Glimmerglass Girl is a collection of poetry and images about womanhood and femininity. This debut collection from author Holly Lyn Walrath explores life, love, marriage, abuse, self-harm, the body, death, and alcoholism through the lens of a woman's heart. It takes readers through a speculative and fantastical world of fairy tales and unicorns where femininity is as powerful and delicate as a glass-winged butterfly.
About the Author
Holly Lyn Walrath received her Master’s degree in Creative Writing from the University of Denver. Her short fiction and poetry has appeared in Strange Horizons, Fireside Fiction, Liminality, Crab Fat Magazine, Mithila Review, Nonbinary Review, and other places. She works as a freelance editor and currently resides in Seabrook, Texas, just five minutes from NASA Johnson Space Center. She has two cats named Cleo and Panda and a husband who is a pediatric physical therapist. Along with writing, she enjoys geekery, books, self-aggrandizing statements, feminism, dystopia, and cat pictures.
". . . an intersection between ethereal loftiness, humorous speculation, and poignant consideration. . . a collection of poetry and images that encourage readers to be more than they perceive themselves to be." --VIDA: Women in the Literary Arts
“An ethereal collection of emotional gut-punches—Walrath delves into the hidden depths of womanhood with poems at once violent and delicately beautiful.”
—Cassandra Rose Clarke, author of Star’s End, Our Lady of the Ice, and The Mad Scientist’s Daughter
“Glimmerglass Girl delights and chills the senses in equal measure, deceptively minute in its scope. Walrath challenges preconceived notions of feminine identity in these delicate, uncanny poems—and spares nobody, no body, in the process.”—A.J. Odasso, Senior Poetry Editor, Strange Horizons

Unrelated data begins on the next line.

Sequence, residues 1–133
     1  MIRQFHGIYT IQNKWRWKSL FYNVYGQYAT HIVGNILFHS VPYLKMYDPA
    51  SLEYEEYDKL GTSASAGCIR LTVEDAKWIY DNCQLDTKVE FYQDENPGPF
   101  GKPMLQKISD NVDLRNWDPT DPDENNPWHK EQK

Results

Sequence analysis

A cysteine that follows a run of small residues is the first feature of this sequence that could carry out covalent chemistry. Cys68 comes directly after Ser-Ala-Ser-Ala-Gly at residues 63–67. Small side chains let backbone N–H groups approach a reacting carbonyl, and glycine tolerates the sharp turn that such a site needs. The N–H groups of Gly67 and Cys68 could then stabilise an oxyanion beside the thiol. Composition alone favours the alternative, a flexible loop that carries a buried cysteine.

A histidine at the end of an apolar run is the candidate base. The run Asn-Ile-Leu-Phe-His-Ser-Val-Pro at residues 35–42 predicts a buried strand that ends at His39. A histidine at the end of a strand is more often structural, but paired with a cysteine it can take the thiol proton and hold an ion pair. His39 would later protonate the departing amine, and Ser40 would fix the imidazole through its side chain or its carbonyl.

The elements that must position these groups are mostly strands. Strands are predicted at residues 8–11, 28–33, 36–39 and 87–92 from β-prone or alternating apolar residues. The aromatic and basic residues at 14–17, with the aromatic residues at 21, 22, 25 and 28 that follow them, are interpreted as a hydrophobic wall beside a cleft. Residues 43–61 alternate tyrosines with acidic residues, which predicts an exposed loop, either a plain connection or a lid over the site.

"Glimmerglass Girl's beautiful verse pulls you in, entrances you and transports you--
quite the worthwhile read!"
—Tonya Liburd, Senior Editor, Abyss & Apex
"Glimmerglass Girl elegantly captures a female journey eerily familiar, a reflection of me, or a lost relative to whom I have only now been introduced. Walrath's lush verse winds around perceptions, challenging them, guiding them back, like a skilled hand guides a toddler. Just as I start to learn to roll over, to sit up, to stand—her layered, linked verse invents new ways for me to understand
the world I have lived in so long."
—Karen Bovenmyer, author of Swift for the Sun
"Washing the dishes, peeling an onion, wearing a bra, all these details of life become immersed in magic in Holly Lyn Walrath's gorgeous poems. In Glimmerglass Girl, the questions of how to be a woman and how to reconcile the different sides of our bodies and selves is brought into startling focus. Walrath's writing takes your breath away and then sucker punches you, but I mean this in the best possible way--these poems devastate, destruct, and then bring you back to life."
—Chloe N. Clark,
author of The Science of Unvanishing Objects
"In her debut chapbook, Glimmerglass Girl, Holly Walrath’s lyrical yet startling language explores the layered experiences of women. The flowing, ephemeral effects of poems like “Elegy for a Body,” compliment the emotional accessibility of explorations of modern women’s self-doubt such as “Self Portrait through an iPhone.” Clever and moving illustrations provide the perfect finishing touch to Walrath’s haunting collection. "
—Patricia Flaherty Pagan, author of Enduring Spirit
“Tensile and luminous as a glass-winged butterfly, Glimmerglass Girl chronicles the passions of a woman’s heart and its multifarious musings with a marvelous mix of toughness and tenderness. In a shimmering world at once ‘honey-brimmed and buzzing,’ where ‘blueberry coffee’ and a ‘kissing prayer,’ or a ‘quiet mess of a body of light’ offer diurnal delights, this wildly chimerical gathering of hybridized fairy tales and fabulous meditations on womanhood might carry Emily Dickinson’s admonition of epistolary intimacy, ‘open me carefully.’ Indeed, readers should open Walrath’s slender volume carefully, hold these rare poems up to the sun, then lean in quietly to hear each one sing in flight.” —Karen An-hwei Lee, author of Phylo of Joy, Ardor, and In Medias Res.